UNENTHUSED ABOUT any discussion of whether Rob Gronkowski might play tonight against the Falcons, and typically uninterested in discussing theoreticals, Bill Belichick had little use for a question posed to him during his Wednesday press conference.
"He's been a big part of your red zone offense in the past and you're currently ranked 32nd in that category," a reporter asked of Gronkowski, who reportedly did not make the trip and will not play tonight. "If he were to return, what kind of boost can he give that red zone offense?"
"I don't know," Belichick replied. "We'll see. I don't know."
No problem, coach. We've got this one.
Gronkowski would have helped the Patriots in the red zone. A lot.
That's as obvious as the numbers showing that the athletic tight end with an enormous wing span scored more red zone touchdowns (29) than any player in the NFL over his first three years in the league. He's a big target for Tom Brady, with hands capable of making tough catches in the tight spaces he carves for himself.
But while Belichick was clearly trying to be difficult, he was also telling some truth. Because the numbers suggest it will take more than Gronkowski's return to make the Pats more efficient in the red area.
Through three games, the Patriots have made 13 trips inside the opponents' 20-yard line, which is the third most in football, yet they've reached the end zone on just four of those drives, a 30.8 percent success rate. As Belichick's intrepid inquisitor pointed out, that's the NFL's worst. In fact, 15 teams haven't even been to the red zone as many times as the Pats have seen drives stall there.
The glaring absence of Gronkowski has become the go-to excuse for the struggles of an offense that hasn't ranked worse than sixth league-wide in red zone efficiency since it spent a second-round pick on the big lug out of Arizona in the 2010 Draft. However, to explain it so simply is to ignore what the Patriots did after losing him to injury last season.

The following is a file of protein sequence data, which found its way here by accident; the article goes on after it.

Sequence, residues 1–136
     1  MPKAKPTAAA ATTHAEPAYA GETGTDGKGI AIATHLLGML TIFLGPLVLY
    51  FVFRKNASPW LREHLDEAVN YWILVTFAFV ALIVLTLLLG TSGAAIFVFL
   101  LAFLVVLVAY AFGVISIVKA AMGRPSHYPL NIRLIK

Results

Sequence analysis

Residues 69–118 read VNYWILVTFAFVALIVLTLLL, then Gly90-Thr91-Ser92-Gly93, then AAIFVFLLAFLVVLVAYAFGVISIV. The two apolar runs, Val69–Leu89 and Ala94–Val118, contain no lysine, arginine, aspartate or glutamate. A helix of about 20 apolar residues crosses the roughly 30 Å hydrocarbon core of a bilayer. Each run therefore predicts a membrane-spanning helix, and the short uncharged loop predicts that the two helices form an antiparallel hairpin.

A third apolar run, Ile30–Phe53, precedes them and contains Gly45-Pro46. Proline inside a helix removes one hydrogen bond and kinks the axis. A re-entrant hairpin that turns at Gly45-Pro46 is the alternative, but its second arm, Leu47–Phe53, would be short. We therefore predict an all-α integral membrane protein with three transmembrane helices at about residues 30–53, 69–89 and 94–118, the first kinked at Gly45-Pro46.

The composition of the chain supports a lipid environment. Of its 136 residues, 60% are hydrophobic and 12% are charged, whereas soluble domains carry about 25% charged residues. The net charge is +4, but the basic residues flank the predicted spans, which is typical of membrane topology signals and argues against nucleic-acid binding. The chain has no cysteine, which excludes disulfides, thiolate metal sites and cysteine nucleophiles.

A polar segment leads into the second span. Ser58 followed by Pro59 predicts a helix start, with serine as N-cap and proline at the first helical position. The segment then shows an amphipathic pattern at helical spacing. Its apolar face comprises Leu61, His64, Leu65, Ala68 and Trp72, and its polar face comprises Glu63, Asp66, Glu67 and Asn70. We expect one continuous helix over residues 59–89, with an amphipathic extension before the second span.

Gronkowski initially broke his forearm while blocking on an extra point in Week 11. In Week 12, New England converted all three of its red zone opportunities, and it scored multiple touchdowns from inside the 20 in each of the five games it played before the tight end returned.
Even when he came back, he was limited in Week 17 against the Dolphins, but still the team scored on all three of its red zone trips. Then he re-broke his arm early in the divisional round playoff game, rendering him almost a nonfactor, yet the Patriots offense still produced touchdowns on four of six visits to the Texans' red area.
Baltimore finally found a way to stop New England in the AFC championship game, when its favored hosts went 1-for-4 in the red zone. But even with that contest included, the Patriots turned 22 of 31 red zone chances into touchdowns last season in games with Gronkowski either limited or out entirely. That's 71 percent.
In games with Gronkowski fully healthy, the Pats' rate was 65 percent.
Clearly, then, New England can succeed in the red zone without their All-Pro tight end, but what's not yet clear is whether it can do so without the other parts that have gone more permanently missing.
UNDERRATED: The Falcons' sense of desperation. A loss would drop them to 1-3, but they play the Jets next week, then face the Buccaneers after a bye. Both of those games are at home, then they play at Arizona and Carolina. Even with a loss tonight, Atlanta could easily be 5-3 at the midpoint.
OVERRATED: Roddy White. He's a quality receiver, and dangerous when he's at full strength. but he's been a decoy to this point this season. He's played in all three games, and played significant snaps last week, but he's totaled just seven catches for 56 yards. Julio Jones is far more a threat to the Pats.
KEEP AN EYE ON.: Asante Samuel. The ex-Patriot is questionable with a thigh injury, and has already missed one game due to injury. He has 28 interceptions since leaving the Pats after 2007, but don't be surprised if New England tests him to see if he's healthy.
KEY MATCHUP: Osi Umenyiora vs. Nate Solder. Right tackle Sebastian Vollmer is questionable for the Patriots, and if he's out or limited New England might need to give him or Marcus Cannon help on that side. It'll be up to Solder, then, to handle his business against the ex-Giant on Brady's blind side.
STAT OF THE WEEK: The Falcons have allowed eight first downs by rush this season, and 48 by pass. Tonight could be an opportunity for the Pats' young receivers to take another step forward.
Dave D'Onofrio covers the Patriots for the New Hampshire Union Leader and Sunday News. His e-mail address is firstname.lastname@example.org.